Chef Eric Ripert is as particular about the words used to tell his story as he is about the ingredients used in Le Bernardin’s kitchen.

“Very much yes,” says Ripert, author of 32 Yolks: From My Mother’s Table to Working the Line, written with Veronica Chambers. The two spent hours in the basement of his famous Manhattan restaurant: he, telling the story; she, translating speech into narrative nonfiction.

“Veronica let me be very involved, basically micromanaging every chapter with her,” he says. “So, ultimately, of course, it’s her writing, with me being extremely close to everything she said and changing [minute details]. Sometimes we would meet again, and I would say, ‘You know, Veronica, I think the comma here, with the comma here, is not the same as the comma at the end.’ ”

Attention to detail is what sets Le Bernardin apart: Since its 2005 inception, the restaurant has maintained three Michelin stars and a four-star rating from the New York Times. It’s New York City’s most popular restaurant and top in food service for 2016, according to Zagat, and ranked 18th on San Pellegrino World’s 50 Best Restaurants list. As chef and co-owner, Ripert is responsible for overseeing a kitchen staff of more than 50.

Continue reading >


“To be able to mentor a team that can reproduce my vision—I think this is a huge challenge and, when you achieve that, you can be very happy about it,” he says.

32 Yolks does not focus on Ripert’s well-chronicled stateside success. Rather, it is a straightforward account of his formative years in France and Andorra, a small principality between France and Spain, through boarding school, cooking school, and the extreme education of Parisian professional kitchens.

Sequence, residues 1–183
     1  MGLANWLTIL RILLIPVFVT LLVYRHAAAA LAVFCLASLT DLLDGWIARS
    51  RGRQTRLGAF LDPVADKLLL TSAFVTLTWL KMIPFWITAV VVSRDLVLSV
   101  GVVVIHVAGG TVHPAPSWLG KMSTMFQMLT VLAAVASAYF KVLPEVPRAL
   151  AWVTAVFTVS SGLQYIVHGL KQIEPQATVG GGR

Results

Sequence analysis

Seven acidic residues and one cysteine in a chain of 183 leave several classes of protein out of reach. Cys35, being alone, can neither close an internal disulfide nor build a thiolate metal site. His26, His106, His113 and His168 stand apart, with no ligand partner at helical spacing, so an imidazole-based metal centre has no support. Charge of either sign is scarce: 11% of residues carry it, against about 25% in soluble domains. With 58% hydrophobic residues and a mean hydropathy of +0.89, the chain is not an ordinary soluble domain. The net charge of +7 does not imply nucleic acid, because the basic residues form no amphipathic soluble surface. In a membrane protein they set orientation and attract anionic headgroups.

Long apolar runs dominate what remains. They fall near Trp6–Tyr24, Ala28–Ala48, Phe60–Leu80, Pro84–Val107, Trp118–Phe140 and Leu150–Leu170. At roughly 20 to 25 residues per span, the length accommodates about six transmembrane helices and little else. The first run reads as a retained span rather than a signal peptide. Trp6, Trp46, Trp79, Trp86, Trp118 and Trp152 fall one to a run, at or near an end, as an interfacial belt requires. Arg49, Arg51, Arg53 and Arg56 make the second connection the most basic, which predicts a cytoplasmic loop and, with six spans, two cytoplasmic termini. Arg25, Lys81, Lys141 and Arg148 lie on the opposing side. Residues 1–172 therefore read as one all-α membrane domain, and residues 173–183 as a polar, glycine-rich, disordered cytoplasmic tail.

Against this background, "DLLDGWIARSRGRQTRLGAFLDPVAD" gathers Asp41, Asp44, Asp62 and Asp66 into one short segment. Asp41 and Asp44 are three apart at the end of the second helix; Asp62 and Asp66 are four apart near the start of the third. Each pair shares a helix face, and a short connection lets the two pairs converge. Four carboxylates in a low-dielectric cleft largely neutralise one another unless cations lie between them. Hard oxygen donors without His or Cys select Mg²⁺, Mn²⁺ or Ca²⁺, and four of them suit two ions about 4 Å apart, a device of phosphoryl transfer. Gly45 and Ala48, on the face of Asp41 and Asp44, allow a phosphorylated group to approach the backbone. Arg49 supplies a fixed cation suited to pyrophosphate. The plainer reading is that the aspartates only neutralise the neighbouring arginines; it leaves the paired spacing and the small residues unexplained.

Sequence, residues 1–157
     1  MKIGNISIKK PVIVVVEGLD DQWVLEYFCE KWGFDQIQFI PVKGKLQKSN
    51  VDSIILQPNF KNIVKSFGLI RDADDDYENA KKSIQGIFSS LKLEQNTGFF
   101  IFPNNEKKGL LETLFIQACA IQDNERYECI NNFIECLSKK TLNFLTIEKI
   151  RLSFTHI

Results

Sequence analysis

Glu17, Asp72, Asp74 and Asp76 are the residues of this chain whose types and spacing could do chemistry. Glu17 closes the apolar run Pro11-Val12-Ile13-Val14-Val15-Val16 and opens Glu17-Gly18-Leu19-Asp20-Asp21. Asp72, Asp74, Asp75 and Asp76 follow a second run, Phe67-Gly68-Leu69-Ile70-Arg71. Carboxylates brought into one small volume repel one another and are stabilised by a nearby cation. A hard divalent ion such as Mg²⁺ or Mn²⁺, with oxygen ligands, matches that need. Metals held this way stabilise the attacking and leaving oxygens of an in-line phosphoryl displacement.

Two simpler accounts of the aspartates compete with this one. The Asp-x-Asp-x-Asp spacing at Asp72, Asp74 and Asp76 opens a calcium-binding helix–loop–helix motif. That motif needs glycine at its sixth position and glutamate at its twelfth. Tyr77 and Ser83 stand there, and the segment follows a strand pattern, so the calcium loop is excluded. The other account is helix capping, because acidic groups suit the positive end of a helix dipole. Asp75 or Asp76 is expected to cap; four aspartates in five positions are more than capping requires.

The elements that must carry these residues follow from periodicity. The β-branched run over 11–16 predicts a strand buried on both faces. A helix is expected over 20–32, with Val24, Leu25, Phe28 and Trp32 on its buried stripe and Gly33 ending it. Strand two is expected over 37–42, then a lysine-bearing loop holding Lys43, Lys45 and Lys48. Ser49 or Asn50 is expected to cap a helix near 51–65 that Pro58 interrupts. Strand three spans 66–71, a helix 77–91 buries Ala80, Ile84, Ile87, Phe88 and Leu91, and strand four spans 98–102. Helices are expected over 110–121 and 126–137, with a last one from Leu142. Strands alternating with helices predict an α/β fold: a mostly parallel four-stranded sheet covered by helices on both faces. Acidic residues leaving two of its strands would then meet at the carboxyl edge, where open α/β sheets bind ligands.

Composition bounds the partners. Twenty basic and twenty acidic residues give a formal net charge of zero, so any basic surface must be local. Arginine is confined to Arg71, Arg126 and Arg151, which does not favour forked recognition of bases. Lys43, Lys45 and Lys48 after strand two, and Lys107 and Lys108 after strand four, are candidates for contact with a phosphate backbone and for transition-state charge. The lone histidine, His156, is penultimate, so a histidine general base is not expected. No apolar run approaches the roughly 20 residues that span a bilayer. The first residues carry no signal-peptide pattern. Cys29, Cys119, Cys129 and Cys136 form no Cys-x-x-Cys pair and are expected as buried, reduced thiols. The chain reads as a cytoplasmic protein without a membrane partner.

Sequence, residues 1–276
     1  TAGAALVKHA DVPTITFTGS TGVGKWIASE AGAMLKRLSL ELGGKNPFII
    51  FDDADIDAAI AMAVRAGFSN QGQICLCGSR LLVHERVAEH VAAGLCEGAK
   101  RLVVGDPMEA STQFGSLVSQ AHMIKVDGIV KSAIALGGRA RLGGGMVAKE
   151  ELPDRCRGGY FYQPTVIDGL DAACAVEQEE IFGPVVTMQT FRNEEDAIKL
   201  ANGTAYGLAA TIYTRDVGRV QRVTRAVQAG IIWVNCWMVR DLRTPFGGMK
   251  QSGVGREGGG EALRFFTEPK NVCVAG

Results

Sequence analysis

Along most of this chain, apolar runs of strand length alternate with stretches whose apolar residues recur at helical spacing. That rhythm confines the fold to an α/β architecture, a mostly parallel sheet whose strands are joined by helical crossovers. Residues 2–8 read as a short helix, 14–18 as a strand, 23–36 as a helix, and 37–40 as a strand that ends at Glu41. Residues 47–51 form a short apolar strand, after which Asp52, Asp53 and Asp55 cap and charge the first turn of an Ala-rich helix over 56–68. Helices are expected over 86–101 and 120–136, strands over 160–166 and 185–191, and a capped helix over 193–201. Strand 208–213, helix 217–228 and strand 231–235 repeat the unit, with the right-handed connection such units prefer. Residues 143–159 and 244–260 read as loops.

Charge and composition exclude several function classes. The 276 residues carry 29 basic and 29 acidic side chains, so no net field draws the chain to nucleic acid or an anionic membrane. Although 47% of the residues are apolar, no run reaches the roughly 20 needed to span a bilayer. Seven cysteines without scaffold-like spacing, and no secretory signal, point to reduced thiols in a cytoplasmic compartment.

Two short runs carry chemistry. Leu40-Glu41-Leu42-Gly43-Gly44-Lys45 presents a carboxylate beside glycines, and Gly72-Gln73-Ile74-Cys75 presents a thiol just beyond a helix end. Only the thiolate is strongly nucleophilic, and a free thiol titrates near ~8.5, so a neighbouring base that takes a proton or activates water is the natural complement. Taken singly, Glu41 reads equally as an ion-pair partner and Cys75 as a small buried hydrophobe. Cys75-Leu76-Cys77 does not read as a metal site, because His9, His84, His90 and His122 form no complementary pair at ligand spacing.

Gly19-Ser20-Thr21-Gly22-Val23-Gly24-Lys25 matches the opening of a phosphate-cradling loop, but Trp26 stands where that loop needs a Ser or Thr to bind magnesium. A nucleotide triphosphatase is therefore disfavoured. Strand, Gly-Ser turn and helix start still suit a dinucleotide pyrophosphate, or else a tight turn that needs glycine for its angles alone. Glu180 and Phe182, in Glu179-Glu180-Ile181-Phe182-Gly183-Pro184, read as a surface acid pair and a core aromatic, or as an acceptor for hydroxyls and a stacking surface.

Ripert’s mother, a stylish boutique owner and fabulous cook, was the first to impart the importance of l’art de la table to her young son.

“To her, the entire meal was a creative act, an expression of refinement and taste,” Ripert writes. “There were always flowers, candles, and a starched tablecloth, whether we were eating crab soufflé or onglet and frites. We even changed plates between courses like they did in restaurants. I grew up thinking that everyone ate this way.”

The pleasure of eating well was often a balm for personal devastation: Ripert’s parents divorced when he was quite young; his stepfather was abusive; and, when he was 11 years old, his beloved father unexpectedly died. His mother told him only after the funeral had taken place.

He battled ill feelings and anger through boarding school and cooking school—not the traditional launchpad for a successful French chef.

“Cooking was very blue collar at the time, and it’s still today a blue collar industry,” Ripert says. “At that time it was young adults, teenagers, who were kicked out of school and apprenticing in the kitchen. They were becoming very strong and very good at what they were doing at a young age, and they had been already through those experiences.

Ripert_cover “Coming from [culinary school] graduation, we were kind of dreaming, thinking that we were already pretty good,” he says. “You realize very quickly that graduation was basically a passport to enter a kitchen, but it was certainly not good enough for us to be excelling in those kitchens.”

Ripert’s first big break was a job as a commis, or junior chef, at La Tour d’Argent, under chef Dominique Bouchet. At first, he wasn’t even strong enough to whip the 32 yolks required to make a batch of hollandaise.

“If a cook today tells me he ruined his hollandaise, I can tell him at exactly what step he went wrong, because I’ve ruined it in every possible way,” he writes.

But by the time he was ready to move on, Bouchet considered Ripert ready for the opportunity of a lifetime: working for genius chef Joël Robouchon at his three-starred temple to nouvelle cuisine, Jamin. The job demanded 16 to18-hour days, insane productivity, and precision that pushed Ripert and his fellow cooks to their physical and psychological limits.

“I didn’t even think about being happy or unhappy, I thought about surviving and succeeding,” Ripert says. “Nobody’s born with all the genes to excel in the kitchen—it’s about training and repetition and working hard and learning from the mistakes and time.”

Megan Labrise writes “Field Notes” and features for Kirkus Reviews.